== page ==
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Punctuation Practice: Adding End Marks of Punctuation II

Periods, Question Marks, and Exclamation Points


Try this short exercise after you have reviewed the article End Punctuation: Periods, Question Marks, and Exclamation Points. To view this exercise without ads, click on the printer icon near the top of the page.

The following two paragraphs have been adapted from the opening to George Orwell's famous novel 1984. Print out the passage, and indicate where each sentence ends and the next one begins: capitalize the first letter of the word that starts each new sentence, and insert the appropriate end mark of punctuation (a period, question mark, or exclamation point). When you're done, compare your version with Orwell's original sentences on page two.

Punctuation Practice: 1984, by George Orwell

it was a bright cold day in April, and the clocks were striking thirteen Winston Smith, his chin nuzzled into his breast in an effort to escape the vile wind, slipped quickly through the glass doors of Victory Mansions, though not quickly enough to prevent a swirl of gritty dust from entering along with him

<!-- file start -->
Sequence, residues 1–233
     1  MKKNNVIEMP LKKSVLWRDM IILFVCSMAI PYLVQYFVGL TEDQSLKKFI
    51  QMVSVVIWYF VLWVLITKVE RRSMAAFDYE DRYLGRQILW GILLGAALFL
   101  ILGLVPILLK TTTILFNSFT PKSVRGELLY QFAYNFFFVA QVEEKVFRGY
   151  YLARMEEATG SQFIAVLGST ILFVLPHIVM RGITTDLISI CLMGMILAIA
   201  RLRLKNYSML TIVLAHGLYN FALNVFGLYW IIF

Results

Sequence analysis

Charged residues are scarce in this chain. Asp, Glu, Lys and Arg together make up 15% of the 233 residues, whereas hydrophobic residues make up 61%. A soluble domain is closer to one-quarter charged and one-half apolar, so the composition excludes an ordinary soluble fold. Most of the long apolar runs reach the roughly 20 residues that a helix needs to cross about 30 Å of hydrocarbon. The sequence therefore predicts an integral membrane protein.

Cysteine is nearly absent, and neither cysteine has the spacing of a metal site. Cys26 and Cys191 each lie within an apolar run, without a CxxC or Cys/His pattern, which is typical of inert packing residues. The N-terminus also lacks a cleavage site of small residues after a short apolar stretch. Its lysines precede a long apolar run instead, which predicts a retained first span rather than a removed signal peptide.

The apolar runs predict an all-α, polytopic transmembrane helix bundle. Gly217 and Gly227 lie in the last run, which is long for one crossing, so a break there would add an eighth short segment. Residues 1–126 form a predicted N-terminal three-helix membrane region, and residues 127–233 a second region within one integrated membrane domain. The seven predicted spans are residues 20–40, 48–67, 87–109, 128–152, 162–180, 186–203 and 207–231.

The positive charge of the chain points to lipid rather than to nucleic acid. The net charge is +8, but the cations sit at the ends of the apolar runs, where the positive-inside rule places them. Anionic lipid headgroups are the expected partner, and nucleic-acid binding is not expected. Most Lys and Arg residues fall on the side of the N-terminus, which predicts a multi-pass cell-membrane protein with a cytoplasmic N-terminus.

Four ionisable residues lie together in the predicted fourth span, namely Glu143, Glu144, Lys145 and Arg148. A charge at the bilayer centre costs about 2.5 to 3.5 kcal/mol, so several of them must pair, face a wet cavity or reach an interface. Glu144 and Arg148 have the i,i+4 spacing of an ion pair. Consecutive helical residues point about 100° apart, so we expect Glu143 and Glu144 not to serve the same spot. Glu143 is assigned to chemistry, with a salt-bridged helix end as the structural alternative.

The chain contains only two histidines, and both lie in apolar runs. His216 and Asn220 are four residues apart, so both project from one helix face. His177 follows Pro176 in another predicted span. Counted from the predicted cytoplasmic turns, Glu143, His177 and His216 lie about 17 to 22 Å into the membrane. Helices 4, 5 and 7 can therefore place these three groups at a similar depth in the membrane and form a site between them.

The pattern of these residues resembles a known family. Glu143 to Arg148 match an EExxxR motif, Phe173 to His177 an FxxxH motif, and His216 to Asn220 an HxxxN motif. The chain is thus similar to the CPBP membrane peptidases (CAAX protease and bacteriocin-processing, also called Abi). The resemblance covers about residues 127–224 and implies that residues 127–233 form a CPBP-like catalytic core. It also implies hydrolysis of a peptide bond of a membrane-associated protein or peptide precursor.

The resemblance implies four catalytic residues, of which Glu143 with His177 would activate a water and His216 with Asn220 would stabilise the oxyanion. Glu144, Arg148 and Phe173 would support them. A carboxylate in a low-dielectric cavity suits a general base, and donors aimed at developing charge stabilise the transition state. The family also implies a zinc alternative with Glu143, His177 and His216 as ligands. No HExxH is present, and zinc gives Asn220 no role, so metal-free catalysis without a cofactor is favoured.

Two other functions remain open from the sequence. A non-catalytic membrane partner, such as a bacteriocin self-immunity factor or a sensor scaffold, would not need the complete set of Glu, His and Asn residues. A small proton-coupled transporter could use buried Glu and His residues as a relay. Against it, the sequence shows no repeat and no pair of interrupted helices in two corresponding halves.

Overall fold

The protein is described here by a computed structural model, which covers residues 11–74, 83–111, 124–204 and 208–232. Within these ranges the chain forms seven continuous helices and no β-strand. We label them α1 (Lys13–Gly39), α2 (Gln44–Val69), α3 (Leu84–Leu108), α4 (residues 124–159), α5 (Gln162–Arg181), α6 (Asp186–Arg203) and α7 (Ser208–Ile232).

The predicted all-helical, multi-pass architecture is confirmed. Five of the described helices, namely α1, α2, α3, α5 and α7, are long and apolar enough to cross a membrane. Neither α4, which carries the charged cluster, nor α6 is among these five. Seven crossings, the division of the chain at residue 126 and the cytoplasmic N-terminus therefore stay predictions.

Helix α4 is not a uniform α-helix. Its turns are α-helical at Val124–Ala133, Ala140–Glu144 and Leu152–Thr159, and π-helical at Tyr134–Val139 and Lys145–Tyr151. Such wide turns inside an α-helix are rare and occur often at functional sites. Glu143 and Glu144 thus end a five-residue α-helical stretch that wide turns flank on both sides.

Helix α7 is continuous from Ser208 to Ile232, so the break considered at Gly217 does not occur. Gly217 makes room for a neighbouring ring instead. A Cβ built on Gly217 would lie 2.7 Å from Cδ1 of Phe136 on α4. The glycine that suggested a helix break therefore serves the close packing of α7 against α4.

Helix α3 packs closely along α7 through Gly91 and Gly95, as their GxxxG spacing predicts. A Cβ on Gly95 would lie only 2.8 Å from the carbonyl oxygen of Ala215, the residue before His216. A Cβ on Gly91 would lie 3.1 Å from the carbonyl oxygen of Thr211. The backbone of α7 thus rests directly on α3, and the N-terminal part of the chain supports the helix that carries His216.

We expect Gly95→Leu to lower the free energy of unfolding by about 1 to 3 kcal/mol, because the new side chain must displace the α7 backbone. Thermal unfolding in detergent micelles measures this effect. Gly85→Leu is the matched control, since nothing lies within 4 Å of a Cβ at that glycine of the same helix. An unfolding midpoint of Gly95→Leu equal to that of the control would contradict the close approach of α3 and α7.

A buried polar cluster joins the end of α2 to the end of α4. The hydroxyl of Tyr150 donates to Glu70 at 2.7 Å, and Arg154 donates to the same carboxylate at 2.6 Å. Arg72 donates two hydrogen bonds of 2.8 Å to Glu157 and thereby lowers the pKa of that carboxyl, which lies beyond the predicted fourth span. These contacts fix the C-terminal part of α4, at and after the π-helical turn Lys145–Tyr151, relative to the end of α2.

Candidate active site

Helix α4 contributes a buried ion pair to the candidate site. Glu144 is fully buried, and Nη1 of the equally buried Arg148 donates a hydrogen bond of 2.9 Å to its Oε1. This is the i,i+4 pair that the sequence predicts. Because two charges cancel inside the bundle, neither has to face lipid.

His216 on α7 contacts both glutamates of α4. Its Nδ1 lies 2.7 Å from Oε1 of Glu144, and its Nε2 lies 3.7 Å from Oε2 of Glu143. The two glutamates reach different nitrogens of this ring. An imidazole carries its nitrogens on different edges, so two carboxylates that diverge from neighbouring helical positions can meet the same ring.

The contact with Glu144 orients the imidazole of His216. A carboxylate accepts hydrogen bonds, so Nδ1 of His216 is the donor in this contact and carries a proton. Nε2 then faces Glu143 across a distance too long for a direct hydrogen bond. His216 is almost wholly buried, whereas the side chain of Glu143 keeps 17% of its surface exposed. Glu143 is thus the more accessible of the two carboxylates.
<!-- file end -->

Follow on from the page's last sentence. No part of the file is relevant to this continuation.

the hallway smelt of boiled cabbage and old rag mats at one end of it a coloured poster, too large for indoor display, had been tacked to the wall it depicted simply an enormous face, more than a metre wide: the face of a man of about forty-five, with a heavy black moustache and ruggedly handsome features Winston made for the stairs it was no use trying the lift even at the best of times it was seldom working, and at present the electric current was cut off during daylight hours it was part of the economy drive in preparation for Hate Week the flat was seven flights up, and Winston, who was thirty-nine and had a varicose ulcer above his right ankle, went slowly, resting several times on the way on each landing, opposite the lift-shaft, the poster with the enormous face gazed from the wall it was one of those pictures which are so contrived that the eyes follow you about when you move BIG BROTHER IS WATCHING YOU, the caption beneath it ran

You'll find George Orwell's original sentences on page two.

For additional practice, go to Punctuation Practice: Adding End Marks of Punctuation.

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